3

I have the following two blocks in my gitconfig with real info in place of <placeholders>:

[github]
  user = <name>
  token = <token>
  email = <email address>
[github "user"]
  user = <name>
  token = <token>
  email = <email address>

Both contain the same 3 values I imagine this is unnecessary duplication, but what's the difference and which should I remove? It's not causing any problems as is.

Furthermore, I also have this block:

[user]
  name = <name>
  email = <email address>

Again, same name and email address.

Update: Running git config --list displayed values for

github.user
github.token
github.email

as well as

github.user.user
github.user.token
github.user.email

which just looked so wrong to me, I removed the whole [github "user"] block from my file. Nothing seems broken yet.

2

As far as I know, that syntax means you have a github section and a github "user" subsection (see under Syntax). This means you can access github and you can also access github.user as you have noticed with --list. That way you can store different values. Since your values are the same you should be able to remove the [github "user"] without breaking anything, as you saw.

0

Note: beware of git config subsections: Recent update to "git config" broke updating variable in a subsection, which has been corrected with Git 2.19 (Q3 2018).

This illustrates the difference between a section and subsection.

See commit bff7df7, commit 2d84f13 (08 Aug 2018), and commit 999d902 (01 Aug 2018) by Stefan Beller (stefanbeller).
(Merged by Junio C Hamano -- gitster -- in commit 2a2c18f, 20 Aug 2018)

config: fix case sensitive subsection names on writing

A user reported a submodule issue regarding a section mix-up, but it could be boiled down to the following test case:

$ git init test  && cd test
$ git config foo."Bar".key test
$ git config foo."bar".key test
$ tail -n 3 .git/config
[foo "Bar"]
      key = test
      key = test

Sub sections are case sensitive and we have a test for correctly reading them.
However we do not have a test for writing out config correctly with case sensitive subsection names, which is why this went unnoticed in 6ae996f (git_config_set: make use of the config parser's event stream, 2018-04-09, Git 2.18)

Unfortunately we have to make a distinction between old style configuration that looks like:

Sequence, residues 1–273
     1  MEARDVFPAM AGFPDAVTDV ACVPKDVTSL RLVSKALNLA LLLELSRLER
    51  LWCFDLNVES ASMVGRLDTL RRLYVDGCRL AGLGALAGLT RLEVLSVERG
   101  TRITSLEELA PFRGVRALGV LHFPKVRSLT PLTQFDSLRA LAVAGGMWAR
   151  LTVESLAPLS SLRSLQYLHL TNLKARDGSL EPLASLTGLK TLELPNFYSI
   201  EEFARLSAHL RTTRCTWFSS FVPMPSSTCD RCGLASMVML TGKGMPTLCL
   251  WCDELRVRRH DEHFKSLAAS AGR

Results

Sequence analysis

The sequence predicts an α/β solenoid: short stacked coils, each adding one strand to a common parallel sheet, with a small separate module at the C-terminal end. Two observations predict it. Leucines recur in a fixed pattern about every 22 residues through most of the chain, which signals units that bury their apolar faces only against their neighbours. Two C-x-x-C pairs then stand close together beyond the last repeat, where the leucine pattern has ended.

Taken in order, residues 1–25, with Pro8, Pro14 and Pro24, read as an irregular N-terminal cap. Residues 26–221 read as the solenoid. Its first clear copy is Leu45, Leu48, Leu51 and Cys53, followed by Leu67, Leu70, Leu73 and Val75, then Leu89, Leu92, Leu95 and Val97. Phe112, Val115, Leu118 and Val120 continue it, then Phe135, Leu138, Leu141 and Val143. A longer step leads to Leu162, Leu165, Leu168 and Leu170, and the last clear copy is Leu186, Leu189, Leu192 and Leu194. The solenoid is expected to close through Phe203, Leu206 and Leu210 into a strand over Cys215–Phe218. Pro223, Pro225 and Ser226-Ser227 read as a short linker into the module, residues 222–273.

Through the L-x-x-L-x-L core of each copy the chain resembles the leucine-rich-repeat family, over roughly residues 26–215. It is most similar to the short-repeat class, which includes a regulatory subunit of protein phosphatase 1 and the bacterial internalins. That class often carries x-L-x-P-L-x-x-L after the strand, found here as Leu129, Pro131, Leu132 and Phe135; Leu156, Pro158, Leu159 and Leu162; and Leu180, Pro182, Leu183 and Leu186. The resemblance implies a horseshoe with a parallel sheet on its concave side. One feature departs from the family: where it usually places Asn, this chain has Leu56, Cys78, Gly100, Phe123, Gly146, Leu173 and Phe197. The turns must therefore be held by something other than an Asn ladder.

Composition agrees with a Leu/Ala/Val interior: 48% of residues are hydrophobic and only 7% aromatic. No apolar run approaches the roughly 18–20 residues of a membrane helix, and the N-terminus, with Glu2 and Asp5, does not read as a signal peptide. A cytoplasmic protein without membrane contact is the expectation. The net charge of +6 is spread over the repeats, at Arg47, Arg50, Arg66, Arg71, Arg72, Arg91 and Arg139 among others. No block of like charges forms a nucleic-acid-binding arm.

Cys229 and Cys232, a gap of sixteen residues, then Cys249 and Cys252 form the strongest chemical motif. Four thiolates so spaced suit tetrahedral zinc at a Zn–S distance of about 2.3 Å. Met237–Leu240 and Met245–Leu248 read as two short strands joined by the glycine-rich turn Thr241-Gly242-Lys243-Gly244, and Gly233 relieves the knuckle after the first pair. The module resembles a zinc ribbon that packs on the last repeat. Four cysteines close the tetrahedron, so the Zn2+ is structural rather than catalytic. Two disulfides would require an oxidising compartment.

[foo.Bar]
      key = test

and the new quoted style as seen above.

The old style is documented as case-agnostic, hence we need to keep 'strncasecmp'; although the resulting setting for the old style config differs from the configuration.


Make sure to use Git 2.19 (as seen above), or at the very least Git 2.13 or more.

What is not documented is that git -c used to lowercase the variable name:

vonc@bvonc MINGW64 ~
$ git version
git version 2.12.0.windows.1

vonc@bvonc MINGW64 ~
$ git -c VAR=c config -l|grep var
var=c

That can be an issue on OS where the variable case matters (see also the url case below)

This is fixed in Git 2.13 (Q2 2017), and that provides another illustration of the difference between a section and subsection.

See commit 1274a15 and commit ee98df3 (23 Feb 2017) by Junio C Hamano (gitster).
(Merged by Junio C Hamano -- gitster -- in commit 2f54451, 10 Mar 2017)

config: use git_config_parse_key() in git_config_parse_parameter()

The parsing of one-shot assignments of configuration variables that come from the command line historically was quite loose and allowed anything to pass.

It also downcased everything in the variable name, even a three-level <section>.<subsection>.<variable> name in which the part must be treated in a case sensitive manner.

An example of three-level <section>.<subsection>.<variable> name where the case DOES matter, no matter the OS is when setting an url:

vonc@bvonc MINGW64 ~
$ git -c url."https://myserver/GitLab".insteadOf=git@myserver.org/GitLab config -l|grep -i Gitlab
url.https://myserver.org/gitlab.insteadof=git@myserver.org/GitLab

If your private Git repo server URL is not fully lowercase... that command would not work.
While the scheme of an url might be case insensitive, as well as the domain, the rest of the url (here the /GitLab part) can be case sensitive.

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